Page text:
When everyone had copied this style, she turned to white boots, which are now universal for women, and shorter and shorter skirts. Her outfits were designed by some of Europes finest couturiers. The popularity of the sport increased and the number of her competitors grew steadily. In the Winter Olympic Games at Lake Placid in 1932 two British eleven-year olds, Megan Taylor and Cecilia Colledge, made effective starts to their international careers by gaining seventh and eighth places, and repeating these standings at the World Championships which followed in Montreal, in which fourteen women took part.
Megans father taught skating, but Cecilia was inspired to ask her mother if she could try the sport after seeing Sonja win her second World title in 1928 in London. When Cecilia competed in Lake Placid she was eight months younger than Sonja had been in Chamonix in 1924, and she still holds the record as the youngest entrant in the Winter Olympic Games. Megan and Cecilia formed half the British team in the 1932 Olympics. The other two members were also figure skaters. One of them, fifteen-year-old Mollie Phillips, became the first woman to carry the British flag at the Olympics and, in 1947, continued her pioneering path by being appointed the first woman international judge (they had previously been deemed too frail to endure the rigours of officiating outdoors).
Meanwhile, Sonja Henies spectacular career continued, astutely managed by her father. In those days, before the emergence of professional ice shows, clubs organised carnivals that starred leading amateurs and were extremely popular. Sonja developed a skill for becoming fatigued before her scheduled spots, unless consoled by a suitable present. Some of these were considerable. The Norwegian-American Society gave her a sports car. In 1947, after Barbara Ann Scott returned home as the first Canadian to win a World title, she was also given a car. Avery Brundage, the head of the International Olympic Committee (IOC), threatened to take away her amateur status unless she returned it. In vain she argued that Sonja had not been similarly threatened. In the end the car was temporarily returned for the few months it took the Canadian to win the Olympic gold medal, a compromise that foreshadowed the trust funds which can now be set up for athletes.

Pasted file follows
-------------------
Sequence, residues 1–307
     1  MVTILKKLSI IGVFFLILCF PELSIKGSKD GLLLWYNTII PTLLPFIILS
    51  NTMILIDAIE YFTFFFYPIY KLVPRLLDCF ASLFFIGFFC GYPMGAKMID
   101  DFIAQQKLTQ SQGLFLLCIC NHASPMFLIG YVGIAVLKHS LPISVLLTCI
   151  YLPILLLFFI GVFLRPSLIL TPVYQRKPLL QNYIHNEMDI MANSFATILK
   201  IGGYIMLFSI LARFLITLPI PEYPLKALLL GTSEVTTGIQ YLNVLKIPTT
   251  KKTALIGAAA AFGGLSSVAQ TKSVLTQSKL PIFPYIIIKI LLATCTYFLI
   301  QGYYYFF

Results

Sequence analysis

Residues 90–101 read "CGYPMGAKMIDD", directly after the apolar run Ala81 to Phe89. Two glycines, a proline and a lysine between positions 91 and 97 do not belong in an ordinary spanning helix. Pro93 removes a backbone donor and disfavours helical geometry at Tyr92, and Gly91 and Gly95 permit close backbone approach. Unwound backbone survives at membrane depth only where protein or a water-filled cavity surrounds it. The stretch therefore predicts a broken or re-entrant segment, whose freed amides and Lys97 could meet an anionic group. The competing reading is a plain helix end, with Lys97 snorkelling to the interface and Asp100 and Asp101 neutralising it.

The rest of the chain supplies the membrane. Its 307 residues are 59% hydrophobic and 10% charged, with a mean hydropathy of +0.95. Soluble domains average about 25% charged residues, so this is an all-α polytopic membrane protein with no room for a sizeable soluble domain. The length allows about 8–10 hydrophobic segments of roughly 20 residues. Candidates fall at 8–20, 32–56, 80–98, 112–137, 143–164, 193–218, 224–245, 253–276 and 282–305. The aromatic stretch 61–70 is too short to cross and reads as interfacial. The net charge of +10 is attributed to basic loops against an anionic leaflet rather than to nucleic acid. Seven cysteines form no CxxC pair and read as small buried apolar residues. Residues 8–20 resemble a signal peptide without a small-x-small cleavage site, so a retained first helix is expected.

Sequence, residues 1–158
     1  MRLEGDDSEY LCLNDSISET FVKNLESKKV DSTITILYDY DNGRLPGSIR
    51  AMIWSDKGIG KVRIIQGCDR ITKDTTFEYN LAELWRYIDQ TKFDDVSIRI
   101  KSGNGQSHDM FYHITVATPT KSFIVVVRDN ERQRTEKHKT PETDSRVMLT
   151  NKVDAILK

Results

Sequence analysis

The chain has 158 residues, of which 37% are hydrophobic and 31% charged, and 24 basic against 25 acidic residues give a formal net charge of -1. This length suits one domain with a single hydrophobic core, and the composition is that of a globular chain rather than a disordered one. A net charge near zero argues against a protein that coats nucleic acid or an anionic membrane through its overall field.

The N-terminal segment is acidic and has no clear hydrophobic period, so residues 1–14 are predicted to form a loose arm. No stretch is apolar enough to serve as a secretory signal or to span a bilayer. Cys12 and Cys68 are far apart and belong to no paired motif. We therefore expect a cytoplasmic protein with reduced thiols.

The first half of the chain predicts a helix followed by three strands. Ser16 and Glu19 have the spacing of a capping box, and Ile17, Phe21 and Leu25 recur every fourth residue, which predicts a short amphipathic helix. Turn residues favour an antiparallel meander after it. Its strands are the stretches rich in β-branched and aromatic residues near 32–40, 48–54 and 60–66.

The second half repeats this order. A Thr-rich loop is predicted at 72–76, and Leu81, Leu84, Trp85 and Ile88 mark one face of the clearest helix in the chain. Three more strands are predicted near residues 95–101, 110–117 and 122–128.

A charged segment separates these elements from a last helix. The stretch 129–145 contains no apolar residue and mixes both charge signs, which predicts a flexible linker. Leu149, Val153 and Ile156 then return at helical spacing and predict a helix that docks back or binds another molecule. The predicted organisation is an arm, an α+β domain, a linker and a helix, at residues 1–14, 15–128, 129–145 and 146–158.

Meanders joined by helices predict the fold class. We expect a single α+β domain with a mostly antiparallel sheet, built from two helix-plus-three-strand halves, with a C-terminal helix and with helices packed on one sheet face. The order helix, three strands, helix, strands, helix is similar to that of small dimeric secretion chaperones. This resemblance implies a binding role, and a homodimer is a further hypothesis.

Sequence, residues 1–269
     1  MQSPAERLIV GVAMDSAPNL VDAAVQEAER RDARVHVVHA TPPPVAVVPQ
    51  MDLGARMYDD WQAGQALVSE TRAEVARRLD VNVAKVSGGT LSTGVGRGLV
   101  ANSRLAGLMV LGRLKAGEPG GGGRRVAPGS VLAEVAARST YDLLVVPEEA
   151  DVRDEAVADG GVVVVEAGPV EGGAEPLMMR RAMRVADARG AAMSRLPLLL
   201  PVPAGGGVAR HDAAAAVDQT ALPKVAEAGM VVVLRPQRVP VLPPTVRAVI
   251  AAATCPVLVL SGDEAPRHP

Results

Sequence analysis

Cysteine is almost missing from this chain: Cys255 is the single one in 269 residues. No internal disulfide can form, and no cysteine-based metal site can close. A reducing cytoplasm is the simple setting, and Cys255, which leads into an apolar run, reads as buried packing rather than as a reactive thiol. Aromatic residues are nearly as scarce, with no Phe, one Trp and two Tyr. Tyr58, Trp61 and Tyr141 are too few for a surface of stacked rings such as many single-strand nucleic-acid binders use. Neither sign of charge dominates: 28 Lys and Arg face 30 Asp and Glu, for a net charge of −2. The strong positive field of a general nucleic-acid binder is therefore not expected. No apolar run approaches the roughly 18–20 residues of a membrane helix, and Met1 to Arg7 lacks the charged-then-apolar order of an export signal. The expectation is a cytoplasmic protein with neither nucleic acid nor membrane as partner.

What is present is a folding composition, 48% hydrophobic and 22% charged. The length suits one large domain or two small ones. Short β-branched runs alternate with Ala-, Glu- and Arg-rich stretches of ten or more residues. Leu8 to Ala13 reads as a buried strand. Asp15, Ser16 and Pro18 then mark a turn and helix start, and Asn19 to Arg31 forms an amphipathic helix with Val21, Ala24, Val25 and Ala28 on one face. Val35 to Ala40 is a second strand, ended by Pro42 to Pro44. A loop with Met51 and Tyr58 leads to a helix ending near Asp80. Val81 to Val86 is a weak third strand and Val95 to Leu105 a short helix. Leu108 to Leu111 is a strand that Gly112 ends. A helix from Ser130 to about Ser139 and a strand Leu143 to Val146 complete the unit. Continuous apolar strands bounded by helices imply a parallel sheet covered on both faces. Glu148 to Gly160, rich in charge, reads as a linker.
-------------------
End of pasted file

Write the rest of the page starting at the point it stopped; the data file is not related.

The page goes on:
In the 1936 Olympics Cecilia Colledge came very close to toppling Sonja. The young Briton had been placed a close second in the school figures and could do technically more advanced moves than the Norwegian in the free skating. These were the days before the draws were made in sections to ensure that the top skaters always perform at the end of the proceedings. Cecilia drew to skate second of the twenty-three competitors, before some of the audience had even arrived, and her chance of winning slipped away when she fell. Sonja, skating last, enchanted the capacity crowd, which included Hitler, at the open-air Garmisch - Partenkirchen arena. Spotlights were turned on to augment the fading light and enhance her appeal. Nowadays a rule specifies that the lighting must remain the same for all contestants.
In 1936 Sonja and her father packed her gold medals from three consecutive Olympics and ten World Championships and headed for America. They hired a Los Angeles rink, put on a show and invited all the celebrities to whom they could gain access. Carole Lombard, Jeannette MacDonald, Ginger Rogers, Bette Davis, Gary Cooper, Mary Pickford, Douglas Fairbanks and John Barrymore were amongst the stars who turned up to see her skate, but not the one man they wanted in the audience - Darryl F. Zanuck. They had almost to kidnap the head of Twentieth Century-Fox to get him there, and even then he initially offered Sonja only a small role in one of his films. It took time, but they did persuade him to make a film built around her talents.
Sonja made twelve films in all, beautifully costumed and with specially-composed music, including Chatanooga Choo Choo, written for her seventh film, Sun Valley Serenade. The last, Sonja Henie comes to London, was filmed in the late 1950s. In all her films Sonja co-starred with well-known, bankable actors and they were enormous successes. As a result there was a boom in ice-rink manufacture to meet the demand of mothers trying to turn their daughters into skating stars. When Sonja died in 1969 her assets were worth many millions of pounds. Just outside her birthplace, Oslo, she created an art centre, and it is there that all her trophies are housed.